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This article is part of the supplement: Twentieth Annual Computational Neuroscience Meeting: CNS*2011

Open Access Poster presentation

Chimera states and collective chaos in pulse-coupled neural networks

Simona Olmi123*, Antonio Politi13 and Alessandro Torcini123

Author Affiliations

1 CNR- Consiglio Nazionale delle Ricerche, Istituto dei Sistemi Complessi, Sesto Fiorentino, 50019, Italy

2 INFN Sezione Firenze, via Sansone 1, Sesto Fiorentino, 50019, Italy

3 Centro Interdipartimentale per lo Studio delle Dinamiche Complesse, via Sansone 1, Sesto Fiorentino, 50019, Italy

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BMC Neuroscience 2011, 12(Suppl 1):P336  doi:10.1186/1471-2202-12-S1-P336

The electronic version of this article is the complete one and can be found online at: http://www.biomedcentral.com/1471-2202/12/S1/P336


Published:18 July 2011

© 2011 Olmi et al; licensee BioMed Central Ltd.

This is an open access article distributed under the terms of the Creative Commons Attribution License (http://creativecommons.org/licenses/by/2.0), which permits unrestricted use, distribution, and reproduction in any medium, provided the original work is properly cited.

Poster presentation

Understanding the collective motion of networks of oscillators is crucial in many contexts, starting from neuronal circuits [1]. So far, most of the efforts have been devoted to the characterization of strong forms of synchronization. However, more subtle phenomena, like the onset of coherent oscillations in an ensemble of neurons can also play a relevant role for information coding. A peculiar coherent state, termed Chimera, appears in two symmetrically coupled populations of oscillators, where a population fully synchronizes while the other exhibit an asynchronous dynamics [2]. This can represents an idealized mathematical representation of the so-called unihemispheric sleep. Many creatures sleep with only half their brain at a time [3]. Such phenomenon was first reported in dolphins and other sea mammals and, recently, in birds; when brain waves are recorded, the awake side of the brain shows desynchronized electrical activity, corresponding to millions of neurons oscillating out of phase, whereas the sleeping side is highly synchronized.

In our study we have investigated the dynamics of two symmetrically coupled populations of identical leaky integrate-and-fire neurons characterized by excitatory coupling [4]. Upon varying the coupling strengths between and within the two populations, we found symmetry-breaking transitions that lead to the onset of various chimera states. To be more specific, in the observed chimera states one population is fully synchronized, while the other one is in the so-called Partially Synchronous (PS) regime. This regime is characterized by a coherent periodic activity at a collective level (somehow corresponding to to the Local Field Potential), while the single neurons behaves quasi-periodically [5]. To our knowledge this represents the first evidence of chimera states in pulse-coupled neural networks.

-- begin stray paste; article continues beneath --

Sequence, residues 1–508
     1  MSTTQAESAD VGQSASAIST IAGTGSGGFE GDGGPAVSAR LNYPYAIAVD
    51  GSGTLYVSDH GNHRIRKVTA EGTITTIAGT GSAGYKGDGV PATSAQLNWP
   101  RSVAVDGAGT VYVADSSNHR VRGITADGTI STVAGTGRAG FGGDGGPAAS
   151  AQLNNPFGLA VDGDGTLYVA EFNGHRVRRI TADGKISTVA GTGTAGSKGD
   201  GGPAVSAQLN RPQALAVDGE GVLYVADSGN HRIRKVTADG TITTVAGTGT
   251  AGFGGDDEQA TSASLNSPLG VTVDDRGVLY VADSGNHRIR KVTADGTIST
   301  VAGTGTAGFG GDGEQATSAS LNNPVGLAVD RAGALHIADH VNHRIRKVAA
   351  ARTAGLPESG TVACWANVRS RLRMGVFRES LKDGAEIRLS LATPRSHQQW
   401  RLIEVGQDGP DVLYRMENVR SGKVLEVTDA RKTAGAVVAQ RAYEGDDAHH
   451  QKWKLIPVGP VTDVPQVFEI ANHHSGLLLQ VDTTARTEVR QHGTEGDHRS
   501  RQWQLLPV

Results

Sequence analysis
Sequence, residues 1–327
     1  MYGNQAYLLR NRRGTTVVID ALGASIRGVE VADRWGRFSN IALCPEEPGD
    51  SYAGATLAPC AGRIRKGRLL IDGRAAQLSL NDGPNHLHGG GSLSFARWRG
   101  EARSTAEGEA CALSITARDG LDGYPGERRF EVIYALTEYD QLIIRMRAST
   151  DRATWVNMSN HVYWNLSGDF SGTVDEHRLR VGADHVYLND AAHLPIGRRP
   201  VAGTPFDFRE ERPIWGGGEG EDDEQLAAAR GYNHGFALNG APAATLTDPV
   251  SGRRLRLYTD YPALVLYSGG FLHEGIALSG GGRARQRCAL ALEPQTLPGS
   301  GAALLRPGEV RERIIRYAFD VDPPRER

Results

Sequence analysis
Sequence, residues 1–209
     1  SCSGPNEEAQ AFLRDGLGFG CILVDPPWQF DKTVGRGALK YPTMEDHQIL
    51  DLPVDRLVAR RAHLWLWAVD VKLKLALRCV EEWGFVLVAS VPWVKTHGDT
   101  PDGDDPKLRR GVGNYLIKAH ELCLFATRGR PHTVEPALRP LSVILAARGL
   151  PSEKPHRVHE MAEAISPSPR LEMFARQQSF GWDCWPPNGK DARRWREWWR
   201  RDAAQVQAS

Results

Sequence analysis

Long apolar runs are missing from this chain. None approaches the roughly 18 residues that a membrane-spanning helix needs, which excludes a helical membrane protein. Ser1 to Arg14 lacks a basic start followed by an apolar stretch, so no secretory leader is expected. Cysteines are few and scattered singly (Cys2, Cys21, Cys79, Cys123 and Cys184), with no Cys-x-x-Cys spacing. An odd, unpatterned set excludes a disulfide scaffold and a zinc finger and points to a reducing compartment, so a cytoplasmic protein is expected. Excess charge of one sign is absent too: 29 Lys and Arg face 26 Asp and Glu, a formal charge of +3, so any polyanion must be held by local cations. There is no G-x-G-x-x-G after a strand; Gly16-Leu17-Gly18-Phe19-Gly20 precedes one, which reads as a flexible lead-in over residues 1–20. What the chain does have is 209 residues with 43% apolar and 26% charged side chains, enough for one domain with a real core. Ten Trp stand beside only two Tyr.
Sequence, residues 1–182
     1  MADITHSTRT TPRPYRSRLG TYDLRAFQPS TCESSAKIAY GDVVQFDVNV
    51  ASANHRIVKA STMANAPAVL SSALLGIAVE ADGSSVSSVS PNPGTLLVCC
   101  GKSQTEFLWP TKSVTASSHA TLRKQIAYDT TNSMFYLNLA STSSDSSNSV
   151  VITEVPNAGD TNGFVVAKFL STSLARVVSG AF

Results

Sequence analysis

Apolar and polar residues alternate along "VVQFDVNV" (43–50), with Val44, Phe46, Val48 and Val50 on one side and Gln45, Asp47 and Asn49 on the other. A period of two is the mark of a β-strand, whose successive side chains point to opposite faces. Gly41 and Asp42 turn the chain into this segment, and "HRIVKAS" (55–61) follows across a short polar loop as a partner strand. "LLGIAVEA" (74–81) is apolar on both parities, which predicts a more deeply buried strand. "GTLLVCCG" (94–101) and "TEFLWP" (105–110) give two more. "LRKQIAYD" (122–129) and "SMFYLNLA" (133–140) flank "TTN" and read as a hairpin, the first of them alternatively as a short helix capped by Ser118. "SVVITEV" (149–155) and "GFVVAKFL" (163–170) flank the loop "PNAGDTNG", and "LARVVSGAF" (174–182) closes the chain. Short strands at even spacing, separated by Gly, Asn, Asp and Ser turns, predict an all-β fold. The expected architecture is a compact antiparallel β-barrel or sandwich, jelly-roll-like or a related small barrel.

Furthermore a new regime, where the two populations are both PS but with a different degree of synchronization have been also observed. Even more interesting is the identification of a regions of parameters where the coherent activity of the network, characterized by collective variables, becomes chaotic. Collective chaos, meant as irregular dynamics of coarse-grained observables, has been found in ensembles of fully coupled one-dimensional maps as well as in two-dimensional continuous-time oscillators. In both classes of models, the single dynamical unit can behave chaotically under the action of a periodic forcing. Only a few examples of low-dimensional chaotic collective motion have been found in ensembles of phase oscillators because in this setup there is little space for a high-dimensional dynamics [6]. Our results reveal for the first time chaos at a macroscopic level in a neural network.

The computation of the the finite-amplitude Lyapunov exponent allows us to firmly establish the chaoticity of the (collective) dynamics in a finite region of the phase plane. The further numerical study of the standard Lyapunov spectrum reveals the presence of several positive exponents, indicating that the microscopic dynamics is high-dimensional.

References

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